Moderate coffee consumption is associated with a less rapid cognitive decline in elderly men: the FINE study

B.M. van Gelder, G.M. Buijsse, S. Kalmijn, M.J. Tijhuis, S. Giampaoli, A. Nissinen, D. Kromhout

Research output: Contribution to journalAbstractAcademic

Abstract

Coffee is a daily consumed drink in most Western countries and is the primary source of caffeine. Caffeine intake seems to be beneficial for cognitive function on the short term, however results are controversial and longitudinal information on this association is lacking. Objective(s): This study investigated whether coffee consumption is associated with 10- year age-related cognitive decline in elderly men. Methods: Seven hundred and seven healthy men born between 1900 and 1920 of Finland, Italy and the Netherlands participated in this longitudinal study between 1990 and 2000. Cognitive functioning was assessed using the Mini Mental State Examination (MMSE). The maximum score on the MMSE is 30 points, with a higher score indicating better cognitive performance. Coffee consumption was estimated in cups per day. A mixed longitudinal random coefficient model was used to determine the association between baseline coffee consumption and 10-year cognitive decline. Adjustments were made for the potential confounding factors age, education, alcohol consumption, smoking status, serum cholesterol, cohort, anti-hypertensive drug use, anticoagulant use, body mass index, physical activity and baseline cognitive functioning (if applicable). Results: Cognitive functioning did not differ between coffee consumers and non-consumers in 1990. However, men who did not drink coffee had a 10 year cognitive decline of 2.5 points (8.3%), which is stronger (p <0.05) than the cognitive decline of men who did drink one to four cups of coffee a day. Men who consumed three cups of coffee a day had the least cogllitive decline of 0.6 points (2.0%), which was 4.2 times less rapid than men who did not drink coffee (p <0.001). The cognitive decline of men who consumed more than four cups of coffee per day did not differ from men who did not drink coffee. Conclusions: Our findings suggest that drinking 1-4 cups of coffee a day may reduce cognitive decline in elderly men. However, confirmation by other longitudinal studies is necessary.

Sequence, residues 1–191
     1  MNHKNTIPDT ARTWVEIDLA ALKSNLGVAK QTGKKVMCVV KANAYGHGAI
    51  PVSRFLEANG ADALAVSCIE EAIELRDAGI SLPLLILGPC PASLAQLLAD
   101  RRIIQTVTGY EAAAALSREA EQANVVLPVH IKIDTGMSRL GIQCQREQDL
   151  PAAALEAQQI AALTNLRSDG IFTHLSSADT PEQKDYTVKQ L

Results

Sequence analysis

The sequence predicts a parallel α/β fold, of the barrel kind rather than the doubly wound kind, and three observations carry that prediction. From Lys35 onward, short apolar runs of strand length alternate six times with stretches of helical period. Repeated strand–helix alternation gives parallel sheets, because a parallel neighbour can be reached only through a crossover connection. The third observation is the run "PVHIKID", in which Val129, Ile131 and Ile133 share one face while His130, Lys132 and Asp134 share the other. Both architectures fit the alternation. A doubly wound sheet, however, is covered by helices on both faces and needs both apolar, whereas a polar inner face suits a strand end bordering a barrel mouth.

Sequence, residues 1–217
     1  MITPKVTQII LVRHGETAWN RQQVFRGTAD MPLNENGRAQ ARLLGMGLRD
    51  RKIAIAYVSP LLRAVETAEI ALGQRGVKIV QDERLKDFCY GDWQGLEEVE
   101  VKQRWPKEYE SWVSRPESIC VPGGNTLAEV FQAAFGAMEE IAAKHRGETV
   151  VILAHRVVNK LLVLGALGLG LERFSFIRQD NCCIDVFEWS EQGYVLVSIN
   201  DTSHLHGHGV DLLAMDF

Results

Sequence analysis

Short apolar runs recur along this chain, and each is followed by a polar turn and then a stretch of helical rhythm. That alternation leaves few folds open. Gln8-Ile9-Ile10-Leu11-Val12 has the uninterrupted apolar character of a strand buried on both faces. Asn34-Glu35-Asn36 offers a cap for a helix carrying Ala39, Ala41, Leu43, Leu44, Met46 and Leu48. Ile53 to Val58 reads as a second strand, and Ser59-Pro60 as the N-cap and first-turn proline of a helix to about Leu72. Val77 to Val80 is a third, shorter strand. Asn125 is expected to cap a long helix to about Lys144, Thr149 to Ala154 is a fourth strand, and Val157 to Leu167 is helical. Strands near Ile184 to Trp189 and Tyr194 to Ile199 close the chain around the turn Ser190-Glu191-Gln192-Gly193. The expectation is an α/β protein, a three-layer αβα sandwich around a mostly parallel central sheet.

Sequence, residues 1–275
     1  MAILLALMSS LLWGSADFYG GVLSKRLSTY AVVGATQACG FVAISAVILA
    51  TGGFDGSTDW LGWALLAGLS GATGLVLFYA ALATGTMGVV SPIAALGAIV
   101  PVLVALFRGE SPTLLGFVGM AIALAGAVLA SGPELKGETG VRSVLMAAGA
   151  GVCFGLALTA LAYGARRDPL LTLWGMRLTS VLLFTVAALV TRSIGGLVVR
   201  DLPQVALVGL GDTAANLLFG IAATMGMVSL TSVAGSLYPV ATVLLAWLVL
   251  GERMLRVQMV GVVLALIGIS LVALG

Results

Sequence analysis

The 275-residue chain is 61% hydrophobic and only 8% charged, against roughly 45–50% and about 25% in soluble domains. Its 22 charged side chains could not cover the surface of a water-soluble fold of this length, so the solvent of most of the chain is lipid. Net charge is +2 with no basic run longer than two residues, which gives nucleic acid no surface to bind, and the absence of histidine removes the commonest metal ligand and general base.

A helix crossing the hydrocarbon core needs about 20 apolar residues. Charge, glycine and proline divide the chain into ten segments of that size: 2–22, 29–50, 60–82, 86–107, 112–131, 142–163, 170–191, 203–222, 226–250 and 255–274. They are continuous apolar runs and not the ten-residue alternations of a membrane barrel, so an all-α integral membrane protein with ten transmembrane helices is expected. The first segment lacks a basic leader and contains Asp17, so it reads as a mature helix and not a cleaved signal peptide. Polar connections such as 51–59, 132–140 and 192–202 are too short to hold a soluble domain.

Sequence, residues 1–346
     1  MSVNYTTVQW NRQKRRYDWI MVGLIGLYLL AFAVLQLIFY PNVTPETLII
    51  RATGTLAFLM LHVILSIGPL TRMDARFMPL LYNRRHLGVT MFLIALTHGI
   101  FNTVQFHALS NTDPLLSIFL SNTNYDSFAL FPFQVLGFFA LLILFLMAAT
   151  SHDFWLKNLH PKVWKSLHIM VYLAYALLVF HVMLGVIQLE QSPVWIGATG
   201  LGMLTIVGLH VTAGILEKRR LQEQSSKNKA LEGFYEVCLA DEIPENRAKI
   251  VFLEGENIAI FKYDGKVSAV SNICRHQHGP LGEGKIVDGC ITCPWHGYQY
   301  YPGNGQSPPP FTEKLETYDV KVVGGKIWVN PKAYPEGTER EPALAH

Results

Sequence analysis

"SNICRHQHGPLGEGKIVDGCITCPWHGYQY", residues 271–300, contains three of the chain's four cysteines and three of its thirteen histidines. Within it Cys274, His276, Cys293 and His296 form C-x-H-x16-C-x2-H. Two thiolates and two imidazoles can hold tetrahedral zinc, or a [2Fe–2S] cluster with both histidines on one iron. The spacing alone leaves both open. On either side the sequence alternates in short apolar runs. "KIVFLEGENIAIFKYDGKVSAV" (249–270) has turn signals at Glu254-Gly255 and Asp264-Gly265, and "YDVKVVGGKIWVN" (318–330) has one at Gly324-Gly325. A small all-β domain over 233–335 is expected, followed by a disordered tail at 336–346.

Original languageEnglish
Pages (from-to)S481
JournalNeurobiology of aging
Volume25
Issue numberS2
Publication statusPublished - 2004

Fingerprint Dive into the research topics of 'Moderate coffee consumption is associated with a less rapid cognitive decline in elderly men: the FINE study'. Together they form a unique fingerprint.

  • Cite this

    van Gelder, B. M., Buijsse, G. M., Kalmijn, S., Tijhuis, M. J., Giampaoli, S., Nissinen, A., & Kromhout, D. (2004). Moderate coffee consumption is associated with a less rapid cognitive decline in elderly men: the FINE study. Neurobiology of aging, 25(S2), S481.